Real Estate

Commercial real estate market continues to flourish

Colliers report says West Michigan retail sector remains driven by food and restaurants.

August 2, 2019
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Village Life MarketPlace
Village Life Marketplace will be an additional housing complex for Granger Group’s assisted living community, First & Main. Courtesy David Jackiewicz/Granger Group

The commercial real estate market still is thriving.

Colliers International recently released its West Michigan second-quarter report. It revealed all sectors of the commercial market are prosperous. 

“While national headlines have mentioned a potential slowdown for the second half of 2019, Michigan’s economy remains strong and continues to build on its success,” said Chris Prins, Colliers International West Michigan senior associate. “Growth is happening across the region, and local businesses are expanding across all sectors. Although there are historically low vacancy rates, we continue to look for unique solutions to address the lack of space across the retail, industrial and office sectors.”

According to Colliers International, the West Michigan retail sector continues to be driven by food and restaurants. The growth recently was evident when it was announced earlier this year that a second Cheesecake Factory in the state will be opening at Woodland Mall in Kentwood this October.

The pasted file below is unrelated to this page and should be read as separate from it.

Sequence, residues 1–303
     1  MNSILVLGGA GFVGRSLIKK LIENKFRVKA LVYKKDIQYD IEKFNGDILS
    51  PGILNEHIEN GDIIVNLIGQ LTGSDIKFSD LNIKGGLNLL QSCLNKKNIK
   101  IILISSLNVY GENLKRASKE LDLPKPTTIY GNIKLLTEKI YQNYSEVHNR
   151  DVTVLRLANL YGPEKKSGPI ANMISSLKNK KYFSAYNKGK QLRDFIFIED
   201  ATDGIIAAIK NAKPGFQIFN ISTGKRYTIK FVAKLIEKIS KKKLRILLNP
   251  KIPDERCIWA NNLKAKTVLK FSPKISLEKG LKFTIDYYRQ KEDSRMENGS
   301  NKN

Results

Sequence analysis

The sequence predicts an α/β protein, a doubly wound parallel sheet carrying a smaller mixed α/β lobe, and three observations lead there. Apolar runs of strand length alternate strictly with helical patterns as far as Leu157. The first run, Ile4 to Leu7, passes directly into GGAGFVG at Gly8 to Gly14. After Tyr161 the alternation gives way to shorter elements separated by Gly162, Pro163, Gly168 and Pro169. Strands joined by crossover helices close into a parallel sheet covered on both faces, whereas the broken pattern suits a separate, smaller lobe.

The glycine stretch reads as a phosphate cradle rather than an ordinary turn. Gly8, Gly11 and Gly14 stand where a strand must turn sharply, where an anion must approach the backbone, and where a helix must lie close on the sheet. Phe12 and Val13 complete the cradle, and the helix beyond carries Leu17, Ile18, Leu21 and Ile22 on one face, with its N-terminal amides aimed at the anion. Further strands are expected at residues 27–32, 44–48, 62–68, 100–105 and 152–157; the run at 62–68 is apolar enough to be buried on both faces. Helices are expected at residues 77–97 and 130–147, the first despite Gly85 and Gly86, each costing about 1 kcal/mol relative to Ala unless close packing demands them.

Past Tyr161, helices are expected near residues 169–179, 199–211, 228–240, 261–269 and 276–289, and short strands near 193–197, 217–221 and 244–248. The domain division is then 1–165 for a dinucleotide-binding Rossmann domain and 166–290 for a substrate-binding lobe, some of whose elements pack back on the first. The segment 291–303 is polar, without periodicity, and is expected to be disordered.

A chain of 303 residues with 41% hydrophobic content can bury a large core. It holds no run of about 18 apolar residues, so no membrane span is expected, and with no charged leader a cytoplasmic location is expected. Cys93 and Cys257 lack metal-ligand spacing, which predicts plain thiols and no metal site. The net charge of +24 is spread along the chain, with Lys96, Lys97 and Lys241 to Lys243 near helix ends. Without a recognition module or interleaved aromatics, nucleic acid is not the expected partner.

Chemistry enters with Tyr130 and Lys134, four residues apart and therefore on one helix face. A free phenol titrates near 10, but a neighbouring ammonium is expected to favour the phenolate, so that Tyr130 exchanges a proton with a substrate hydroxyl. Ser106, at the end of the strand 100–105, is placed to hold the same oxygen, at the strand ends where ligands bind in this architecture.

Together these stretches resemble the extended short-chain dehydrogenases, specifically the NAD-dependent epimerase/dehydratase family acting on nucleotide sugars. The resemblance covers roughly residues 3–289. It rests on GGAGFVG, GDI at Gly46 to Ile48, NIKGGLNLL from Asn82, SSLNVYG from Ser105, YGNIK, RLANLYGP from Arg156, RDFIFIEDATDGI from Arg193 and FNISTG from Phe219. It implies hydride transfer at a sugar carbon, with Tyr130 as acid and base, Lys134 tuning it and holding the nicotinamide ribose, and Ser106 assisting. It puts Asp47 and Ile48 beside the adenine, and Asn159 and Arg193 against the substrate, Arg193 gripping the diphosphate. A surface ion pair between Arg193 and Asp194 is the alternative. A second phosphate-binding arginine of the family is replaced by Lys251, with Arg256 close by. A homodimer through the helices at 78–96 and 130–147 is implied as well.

The report says the vacancy rates will remain steady at 3.05% and main retail corridors will continue to have limited available space. There are no vacant big-box locations available, and rental rates are leveling off at $12.68 per square foot.

Chris Veneklasen, president of Grand Rapids-based construction company a.j. Veneklasen Inc., said his firm has been doing a lot of work for grocery stores with a smaller footprint, adding that he has noticed a growing trend of grocery stores becoming smaller. The stores, excluding Meijer and Walmart, are getting smaller with fewer items. He said he believes it is, in part, because consumer habits are changing.

“I think some consumers want to get in and out of grocery stores more quickly,” he said. “They want to pick up a few things and leave.”

The Colliers International report noted there is a demand for high-quality office space. As a result, the rental rates will increase for the second half of 2019. The average lease rate, per the report, is $21.86 per square foot for the downtown Grand Rapids area and $15.94 per square foot for suburban office spaces.

With retail and office space in demand, it has warranted the need for developers to build mixed-use buildings. That is what Gary Granger, CEO of Granger Group, is doing.

The developer is expanding Metro Health Village, a $2 billion project in Wyoming. The village is the site of Metro Health-University of Michigan Hospital.

The Business Journal previously reported the expansion of the village will include the development of the Village Life Marketplace, a mixed-use retail and office space, a single-story retail space and an additional housing complex for Granger Group’s assisted living community, First & Main.